When you’re single, you have the opportunity to go on tons of dates. When you first begin dating, which usually coincides when you’re young and overly prone to overly romantic notions, it’s easy to take things too seriously. You over share on a date and savor each ”lol” text because it’s all so new and exciting and special.
After about 5 .. or 10… or let’s be honest.. 15 years of dating around casually, intermixed with a few serious adventures that ultimately failed, you get good. At dating. You know what to say to get someone to agree to go in a first date (spoiler alert- it’s usually to suggest something ambiguous so they don’t have to overthink it). You know just how flirty and interesting to be on a first date. You learned to impulse control so you don’t text your potential boo 30x a day while they’re at work. And let’s be perfectly honest, you learned how to not care so much. You learned how to pull back and keep your expectations at bay and not try so hard that you lose your dignity if they’re not interested.
And for some people, this is where they stay. They master the art of catch and release, but at the end of the day they wouldn’t even know how to prepare a fish even if it was perfect and they were starving. Gross analogy but you get it.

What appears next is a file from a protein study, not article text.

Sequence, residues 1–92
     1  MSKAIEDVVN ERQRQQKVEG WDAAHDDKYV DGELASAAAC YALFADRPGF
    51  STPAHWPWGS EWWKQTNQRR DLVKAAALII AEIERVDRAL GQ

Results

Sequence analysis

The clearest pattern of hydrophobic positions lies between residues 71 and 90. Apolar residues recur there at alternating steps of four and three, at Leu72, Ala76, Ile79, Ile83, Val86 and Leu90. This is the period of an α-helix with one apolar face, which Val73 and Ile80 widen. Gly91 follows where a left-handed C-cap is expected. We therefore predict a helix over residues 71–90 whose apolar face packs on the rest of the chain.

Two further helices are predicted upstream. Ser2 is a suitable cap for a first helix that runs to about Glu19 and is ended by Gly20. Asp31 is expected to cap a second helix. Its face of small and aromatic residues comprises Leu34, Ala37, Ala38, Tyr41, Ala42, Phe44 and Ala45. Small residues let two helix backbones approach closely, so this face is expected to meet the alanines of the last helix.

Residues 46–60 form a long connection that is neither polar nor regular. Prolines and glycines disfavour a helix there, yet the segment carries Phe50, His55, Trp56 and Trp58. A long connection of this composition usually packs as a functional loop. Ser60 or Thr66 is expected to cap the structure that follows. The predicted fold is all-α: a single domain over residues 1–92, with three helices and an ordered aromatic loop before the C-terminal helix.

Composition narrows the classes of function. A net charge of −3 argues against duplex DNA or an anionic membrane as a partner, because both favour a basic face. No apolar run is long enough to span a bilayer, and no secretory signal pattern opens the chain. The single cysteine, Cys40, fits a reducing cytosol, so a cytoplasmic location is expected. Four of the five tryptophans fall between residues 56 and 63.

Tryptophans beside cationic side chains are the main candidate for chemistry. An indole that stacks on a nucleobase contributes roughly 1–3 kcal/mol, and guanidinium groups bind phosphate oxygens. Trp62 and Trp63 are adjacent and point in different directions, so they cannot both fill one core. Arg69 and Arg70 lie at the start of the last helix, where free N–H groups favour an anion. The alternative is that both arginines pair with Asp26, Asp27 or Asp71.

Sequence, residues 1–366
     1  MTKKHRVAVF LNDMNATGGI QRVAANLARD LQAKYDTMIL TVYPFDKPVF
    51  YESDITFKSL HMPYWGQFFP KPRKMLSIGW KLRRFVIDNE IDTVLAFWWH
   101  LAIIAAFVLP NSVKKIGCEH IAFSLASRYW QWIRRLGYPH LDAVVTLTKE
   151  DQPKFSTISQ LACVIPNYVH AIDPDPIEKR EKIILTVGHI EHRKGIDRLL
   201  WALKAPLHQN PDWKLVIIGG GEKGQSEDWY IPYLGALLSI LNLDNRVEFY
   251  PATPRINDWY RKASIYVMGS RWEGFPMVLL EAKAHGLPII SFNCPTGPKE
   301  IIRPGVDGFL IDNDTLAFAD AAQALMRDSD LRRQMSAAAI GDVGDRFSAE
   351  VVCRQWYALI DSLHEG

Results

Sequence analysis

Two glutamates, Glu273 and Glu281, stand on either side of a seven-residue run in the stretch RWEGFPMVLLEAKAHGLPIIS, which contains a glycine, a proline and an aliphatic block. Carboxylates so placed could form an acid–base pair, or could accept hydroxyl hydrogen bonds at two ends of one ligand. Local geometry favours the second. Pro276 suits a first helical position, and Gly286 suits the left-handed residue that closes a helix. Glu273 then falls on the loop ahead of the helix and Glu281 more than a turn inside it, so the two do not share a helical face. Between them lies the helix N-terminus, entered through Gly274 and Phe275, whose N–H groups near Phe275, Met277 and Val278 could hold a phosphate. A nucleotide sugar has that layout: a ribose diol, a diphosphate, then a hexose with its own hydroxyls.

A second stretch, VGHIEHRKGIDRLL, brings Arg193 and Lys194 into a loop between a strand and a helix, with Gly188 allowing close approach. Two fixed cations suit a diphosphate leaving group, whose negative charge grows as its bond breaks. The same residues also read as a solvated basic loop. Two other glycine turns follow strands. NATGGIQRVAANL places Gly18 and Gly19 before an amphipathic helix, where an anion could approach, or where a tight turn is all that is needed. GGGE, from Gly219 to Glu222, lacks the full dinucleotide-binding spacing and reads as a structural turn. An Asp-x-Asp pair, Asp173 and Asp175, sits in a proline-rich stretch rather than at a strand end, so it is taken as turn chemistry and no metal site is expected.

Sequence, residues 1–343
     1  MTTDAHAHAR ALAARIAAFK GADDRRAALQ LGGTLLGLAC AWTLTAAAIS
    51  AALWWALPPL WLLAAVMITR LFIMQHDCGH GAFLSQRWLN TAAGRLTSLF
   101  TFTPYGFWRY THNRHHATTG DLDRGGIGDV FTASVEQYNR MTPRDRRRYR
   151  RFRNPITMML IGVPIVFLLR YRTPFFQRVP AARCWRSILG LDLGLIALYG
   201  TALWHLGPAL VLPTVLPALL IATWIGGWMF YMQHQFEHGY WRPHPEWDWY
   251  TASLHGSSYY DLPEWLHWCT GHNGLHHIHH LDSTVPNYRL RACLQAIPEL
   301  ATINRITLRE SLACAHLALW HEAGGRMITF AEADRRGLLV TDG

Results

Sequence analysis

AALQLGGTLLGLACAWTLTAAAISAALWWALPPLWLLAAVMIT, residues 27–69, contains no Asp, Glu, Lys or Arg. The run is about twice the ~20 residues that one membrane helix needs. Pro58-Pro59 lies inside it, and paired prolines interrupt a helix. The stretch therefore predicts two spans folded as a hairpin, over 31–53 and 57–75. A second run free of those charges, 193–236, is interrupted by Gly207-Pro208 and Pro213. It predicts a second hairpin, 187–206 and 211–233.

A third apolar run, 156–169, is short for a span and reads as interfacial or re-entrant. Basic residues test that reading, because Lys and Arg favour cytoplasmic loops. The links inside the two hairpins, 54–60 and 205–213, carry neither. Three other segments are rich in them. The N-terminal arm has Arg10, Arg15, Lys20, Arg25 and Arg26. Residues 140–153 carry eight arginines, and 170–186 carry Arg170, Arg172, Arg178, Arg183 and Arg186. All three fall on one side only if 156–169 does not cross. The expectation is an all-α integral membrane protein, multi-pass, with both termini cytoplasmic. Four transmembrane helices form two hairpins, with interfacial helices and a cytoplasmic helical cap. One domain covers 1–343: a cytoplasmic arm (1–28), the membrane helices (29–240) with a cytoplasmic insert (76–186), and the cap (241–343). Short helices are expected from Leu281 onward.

But to be good at healthy relationships, being good at dating is a major detriment. You need to invest, put yourself out there, and care an embarrassing amount.
I share this because when I was dating, I went on some amazing dates. But some of those amazing dates were with people that were the most ill fit for me. When I started hanging out with my now husband, we didn’t always go on amazing dates. He didn’t always take me to the fanciest of dinners or most elaborately romantic outings. His conversation topics were often funny but quite strange. He didn’t try to artificially push romance into every moment. We did normal stuff. I helped him paint his garage. He helped me put together my new dining room table. We made doggy cupcakes for his dog’s birthday and he spontaneously wiped some frosting off my face with the perfect amount of tenderness. That was the romance. And yes sometimes we went to an art museum or a play or something cool, but those moments weren’t artificially propping up our relationship, hiding our lack of true connection with grandiose moments and sticky sweetness. They were real.
So, if you’re dating right now, don’t get too good at dating or limit yourself to other people who are too good at dating. Try to make space for real connection that can’t be forced or rushed.